- line from Longfellow's 1874 poem, The Hanging of the Crane - a ceremony in which a newly married couple's new cooking pot was suspended over a fire in their new home - referring to babies the couple would have 'speaking' with their eyes before they learn to talk.
While making myself finish a chapter on PD Villain (see post 29 May A police dog in the family) after yet another of my approach-avoidance conflicts, I read Tom Whipple's newspaper report, Puppy dog eyes show who's master, on a scientific study attributing the dog's imploring look to a facial muscle that dogs have but wolves, their ancestors, don't.
On the left you can see Tandy with her ball looking expectantly at the person coming towards her to play ball, ready to upgrade the look to imploring if the person doesn't immediately oblige. The photo on the right shows them having a break together afterwards.
In their study, Kaminski et al state that 'mutual gaze between dogs and humans seems to trigger an increase of oxytocin [the love hormone] in both species' - analogous to the effect of the mutual gaze between human mothers and their newborn.
Puppy dog eyes
For expressive eyes, spaniels like my dog Gipsy (see my post of 29 May) with big, wide-set eyes possibly have the edge on German Shepherd dogs like Villain and Tandy with near-set eyes in wolf-like faces - but all dogs are hard-wired for these 'puppy dog eyes', the result of selection during domestication based on humans' preferences (Kaminski et al). I once had a bookmark with a spaniel and the Longfellow quote although his poem refers not to a dog but to the children to come of a marriage being celebrated in a crane hanging ceremony.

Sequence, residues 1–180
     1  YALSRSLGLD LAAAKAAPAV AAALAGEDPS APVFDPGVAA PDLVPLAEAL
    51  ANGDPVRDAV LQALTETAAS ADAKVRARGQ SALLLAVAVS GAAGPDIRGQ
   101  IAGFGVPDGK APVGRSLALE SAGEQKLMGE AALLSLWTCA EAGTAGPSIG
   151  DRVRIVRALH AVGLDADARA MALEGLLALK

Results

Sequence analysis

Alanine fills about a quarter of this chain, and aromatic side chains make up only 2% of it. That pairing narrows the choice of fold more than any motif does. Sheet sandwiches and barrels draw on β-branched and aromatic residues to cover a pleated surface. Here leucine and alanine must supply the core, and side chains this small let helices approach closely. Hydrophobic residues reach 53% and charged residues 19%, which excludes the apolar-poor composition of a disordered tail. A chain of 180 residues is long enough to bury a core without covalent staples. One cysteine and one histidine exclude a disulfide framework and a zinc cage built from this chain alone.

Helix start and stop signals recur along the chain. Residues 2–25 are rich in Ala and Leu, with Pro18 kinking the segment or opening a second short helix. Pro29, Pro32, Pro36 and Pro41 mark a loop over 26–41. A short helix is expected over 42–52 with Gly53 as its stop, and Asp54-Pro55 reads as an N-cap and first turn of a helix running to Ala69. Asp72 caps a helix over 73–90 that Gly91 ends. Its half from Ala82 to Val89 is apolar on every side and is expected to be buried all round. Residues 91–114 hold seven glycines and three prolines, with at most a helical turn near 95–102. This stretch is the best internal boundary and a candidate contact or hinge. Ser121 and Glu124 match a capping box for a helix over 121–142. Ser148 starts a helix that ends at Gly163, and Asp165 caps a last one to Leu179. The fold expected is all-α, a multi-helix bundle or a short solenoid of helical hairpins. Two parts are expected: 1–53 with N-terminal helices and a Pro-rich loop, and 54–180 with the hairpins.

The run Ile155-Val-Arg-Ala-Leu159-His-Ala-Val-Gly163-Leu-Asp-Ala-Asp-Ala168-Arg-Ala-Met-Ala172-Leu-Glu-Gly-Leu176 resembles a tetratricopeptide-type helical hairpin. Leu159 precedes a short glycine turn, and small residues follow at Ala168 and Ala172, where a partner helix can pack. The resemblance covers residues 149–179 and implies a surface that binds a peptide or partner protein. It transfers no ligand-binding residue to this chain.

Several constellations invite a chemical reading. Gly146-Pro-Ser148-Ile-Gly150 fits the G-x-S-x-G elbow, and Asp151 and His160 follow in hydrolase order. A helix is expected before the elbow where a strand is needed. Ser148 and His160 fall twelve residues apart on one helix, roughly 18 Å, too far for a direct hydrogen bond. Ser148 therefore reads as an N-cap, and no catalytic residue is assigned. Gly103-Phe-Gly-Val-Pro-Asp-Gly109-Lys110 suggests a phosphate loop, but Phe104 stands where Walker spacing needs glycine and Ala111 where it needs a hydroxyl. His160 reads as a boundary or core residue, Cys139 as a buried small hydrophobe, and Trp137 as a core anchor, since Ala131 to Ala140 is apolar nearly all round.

Sources: Maine Historical Society https://www.hwlongfellow.org/poems_poem.php?pid=155; Tom Whipple, The Times, Tuesday June 18, 2019; Juliane Kaminski and colleagues, June 17 2019 Evolution of facial muscle anatomy in dogs https://www.pnas.org/content/early/2019/06/11/1820653116
It's almost two years since I published In Our Fathers' Footsteps (see under BOOKS). My latest book, One Dog and His Cop, about my cousin's police dog,was published 30 November this year (see under BOOKS).